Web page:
Tip: Make sure reviewers look for high-level issues. Is the voice right? Is the argument tight? Will this engage your ideal readers? You don’t need them to point out typos; your software can take care of those.
And when you get comments, listen.
I believe that if one person says something about a draft, many more will think the same thing unless I do something about it.
Step 6: Serve it up to your prospects
When your pie is baked, you put out the call that it’s ready.
Then you serve it up to your eager guests, every piece on a plate with a fork and maybe a big dollop of ice cream.
That’s a lot like publishing your finished white paper with an inviting landing page.
You want to show prospects a thumbnail of the cover so they see what they’ll get. This is like the smell of a fresh-baked pie. You want to tantalize them.
And make sure to emphasize the benefits they’ll get from spending time on it.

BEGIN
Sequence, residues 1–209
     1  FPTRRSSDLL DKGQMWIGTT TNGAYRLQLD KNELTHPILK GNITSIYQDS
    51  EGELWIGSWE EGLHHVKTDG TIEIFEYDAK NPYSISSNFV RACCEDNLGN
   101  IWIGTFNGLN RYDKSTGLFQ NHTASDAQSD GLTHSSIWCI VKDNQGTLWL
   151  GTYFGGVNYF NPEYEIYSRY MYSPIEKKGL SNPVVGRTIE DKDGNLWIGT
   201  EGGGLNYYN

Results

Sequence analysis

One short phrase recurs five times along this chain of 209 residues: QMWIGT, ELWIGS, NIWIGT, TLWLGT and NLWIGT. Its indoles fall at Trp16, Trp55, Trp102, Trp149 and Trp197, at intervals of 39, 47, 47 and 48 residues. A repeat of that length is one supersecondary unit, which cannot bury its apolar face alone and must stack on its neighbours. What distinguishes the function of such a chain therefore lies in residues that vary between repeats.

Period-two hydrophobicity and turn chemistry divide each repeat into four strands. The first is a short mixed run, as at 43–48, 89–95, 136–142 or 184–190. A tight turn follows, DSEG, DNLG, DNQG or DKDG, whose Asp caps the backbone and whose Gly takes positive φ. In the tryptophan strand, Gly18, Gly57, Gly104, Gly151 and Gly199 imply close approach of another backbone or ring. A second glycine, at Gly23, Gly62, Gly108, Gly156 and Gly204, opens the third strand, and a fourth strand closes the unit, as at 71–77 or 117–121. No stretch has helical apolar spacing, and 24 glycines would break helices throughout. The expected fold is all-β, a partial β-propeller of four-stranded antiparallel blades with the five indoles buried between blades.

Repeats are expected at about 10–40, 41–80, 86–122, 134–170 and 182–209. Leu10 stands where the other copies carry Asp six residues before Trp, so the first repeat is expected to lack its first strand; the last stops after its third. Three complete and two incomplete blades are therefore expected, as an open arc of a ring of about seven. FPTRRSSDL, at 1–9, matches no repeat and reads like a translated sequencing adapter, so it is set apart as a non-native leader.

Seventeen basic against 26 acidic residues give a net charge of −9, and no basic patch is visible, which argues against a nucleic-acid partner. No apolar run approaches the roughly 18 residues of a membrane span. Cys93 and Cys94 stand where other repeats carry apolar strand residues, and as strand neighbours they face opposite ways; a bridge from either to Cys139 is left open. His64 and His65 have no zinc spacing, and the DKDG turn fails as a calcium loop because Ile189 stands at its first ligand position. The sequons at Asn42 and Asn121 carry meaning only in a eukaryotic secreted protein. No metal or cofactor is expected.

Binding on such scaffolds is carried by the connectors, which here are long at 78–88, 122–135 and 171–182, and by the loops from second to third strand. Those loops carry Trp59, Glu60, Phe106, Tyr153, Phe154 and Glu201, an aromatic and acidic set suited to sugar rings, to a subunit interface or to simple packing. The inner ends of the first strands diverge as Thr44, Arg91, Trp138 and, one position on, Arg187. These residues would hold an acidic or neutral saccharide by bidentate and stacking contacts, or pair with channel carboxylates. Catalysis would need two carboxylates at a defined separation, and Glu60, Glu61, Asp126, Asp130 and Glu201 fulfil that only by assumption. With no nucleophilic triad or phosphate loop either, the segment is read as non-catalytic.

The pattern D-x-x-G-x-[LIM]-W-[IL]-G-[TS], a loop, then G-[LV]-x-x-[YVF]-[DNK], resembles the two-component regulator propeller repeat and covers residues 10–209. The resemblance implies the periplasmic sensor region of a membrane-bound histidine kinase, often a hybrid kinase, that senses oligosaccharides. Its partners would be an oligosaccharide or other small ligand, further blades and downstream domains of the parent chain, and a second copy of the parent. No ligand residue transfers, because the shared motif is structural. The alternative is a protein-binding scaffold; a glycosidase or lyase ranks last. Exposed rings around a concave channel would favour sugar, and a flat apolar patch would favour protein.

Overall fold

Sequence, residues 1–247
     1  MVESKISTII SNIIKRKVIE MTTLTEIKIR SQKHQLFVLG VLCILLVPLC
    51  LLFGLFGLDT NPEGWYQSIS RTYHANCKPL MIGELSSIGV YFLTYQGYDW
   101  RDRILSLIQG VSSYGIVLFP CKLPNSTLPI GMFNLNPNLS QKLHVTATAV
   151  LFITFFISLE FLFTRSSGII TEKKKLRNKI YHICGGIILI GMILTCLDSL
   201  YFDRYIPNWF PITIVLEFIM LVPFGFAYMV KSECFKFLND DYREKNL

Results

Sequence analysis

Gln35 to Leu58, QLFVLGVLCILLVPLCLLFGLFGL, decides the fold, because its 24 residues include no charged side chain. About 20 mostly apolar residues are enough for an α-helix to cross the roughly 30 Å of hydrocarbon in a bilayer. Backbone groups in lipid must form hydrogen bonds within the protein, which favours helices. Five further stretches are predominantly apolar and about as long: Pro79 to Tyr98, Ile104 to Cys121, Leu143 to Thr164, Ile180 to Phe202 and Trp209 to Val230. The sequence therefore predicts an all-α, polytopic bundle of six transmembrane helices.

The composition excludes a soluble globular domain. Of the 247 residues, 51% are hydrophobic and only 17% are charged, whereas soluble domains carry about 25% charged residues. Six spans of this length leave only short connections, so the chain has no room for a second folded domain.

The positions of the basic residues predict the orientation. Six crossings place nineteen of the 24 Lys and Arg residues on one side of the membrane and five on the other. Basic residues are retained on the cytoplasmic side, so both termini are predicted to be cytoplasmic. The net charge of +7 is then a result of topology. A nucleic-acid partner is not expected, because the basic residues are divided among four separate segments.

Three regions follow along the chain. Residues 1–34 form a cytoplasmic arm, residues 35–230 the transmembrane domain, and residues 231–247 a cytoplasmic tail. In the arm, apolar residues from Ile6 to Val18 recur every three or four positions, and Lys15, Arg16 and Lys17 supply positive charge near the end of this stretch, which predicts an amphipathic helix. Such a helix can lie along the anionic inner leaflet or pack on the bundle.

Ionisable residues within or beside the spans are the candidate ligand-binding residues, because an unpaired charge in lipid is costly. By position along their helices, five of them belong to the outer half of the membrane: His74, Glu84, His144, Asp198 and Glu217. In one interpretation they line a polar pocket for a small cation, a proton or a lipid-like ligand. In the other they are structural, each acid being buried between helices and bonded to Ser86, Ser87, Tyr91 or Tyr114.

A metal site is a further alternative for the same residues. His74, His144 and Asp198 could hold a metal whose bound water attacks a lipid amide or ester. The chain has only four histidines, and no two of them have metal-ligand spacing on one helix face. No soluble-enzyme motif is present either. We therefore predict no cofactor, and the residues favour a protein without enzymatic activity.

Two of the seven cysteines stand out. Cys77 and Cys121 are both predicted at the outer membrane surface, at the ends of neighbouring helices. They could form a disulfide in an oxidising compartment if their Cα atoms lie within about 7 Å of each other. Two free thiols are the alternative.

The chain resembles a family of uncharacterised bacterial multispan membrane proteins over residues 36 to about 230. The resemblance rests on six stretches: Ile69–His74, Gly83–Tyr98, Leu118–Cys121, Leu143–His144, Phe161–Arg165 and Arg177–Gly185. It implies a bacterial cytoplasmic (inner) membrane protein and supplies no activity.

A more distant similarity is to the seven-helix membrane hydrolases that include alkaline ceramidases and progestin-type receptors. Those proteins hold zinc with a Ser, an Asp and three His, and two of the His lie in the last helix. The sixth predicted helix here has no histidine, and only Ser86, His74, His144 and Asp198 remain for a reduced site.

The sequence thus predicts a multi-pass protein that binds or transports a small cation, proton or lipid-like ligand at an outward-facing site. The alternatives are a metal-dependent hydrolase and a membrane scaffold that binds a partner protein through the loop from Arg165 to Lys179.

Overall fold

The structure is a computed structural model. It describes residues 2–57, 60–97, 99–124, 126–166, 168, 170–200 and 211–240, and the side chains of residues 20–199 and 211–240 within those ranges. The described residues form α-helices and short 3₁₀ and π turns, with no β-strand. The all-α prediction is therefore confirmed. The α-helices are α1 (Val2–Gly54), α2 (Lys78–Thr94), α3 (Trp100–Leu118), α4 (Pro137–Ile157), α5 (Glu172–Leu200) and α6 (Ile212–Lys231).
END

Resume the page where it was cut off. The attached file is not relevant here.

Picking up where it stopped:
Your landing page should promote your white paper — that’s it. For now, forget everything else your company does. Don’t confuse the issue.
Tip: If you need a registration form, ask just a few questions: name, company, work e-mail, and zip code are plenty. The more questions you ask, the fewer downloads you’ll get.
Here’s a table that sums all this up.
|Blueberry pie||White paper|
|1. Good recipe||1. Good plan|
|2. Sturdy pie plate||2. Proper structure|
|3. Light, flaky crust||3. Attractive design|
|4. Beautiful blueberries||4. Engaging content|
|5. Reliable oven||5. High-level reviews|
|6. Serving plate with ice cream||6. Compelling landing page|
So there are the six ways that making a blueberry pie is like creating a white paper.
If you’ll excuse me, I have to go to the kitchen. I think there’s one piece of pie left in the fridge.
What ingredients do you think a good white paper must have? Please leave your comment below.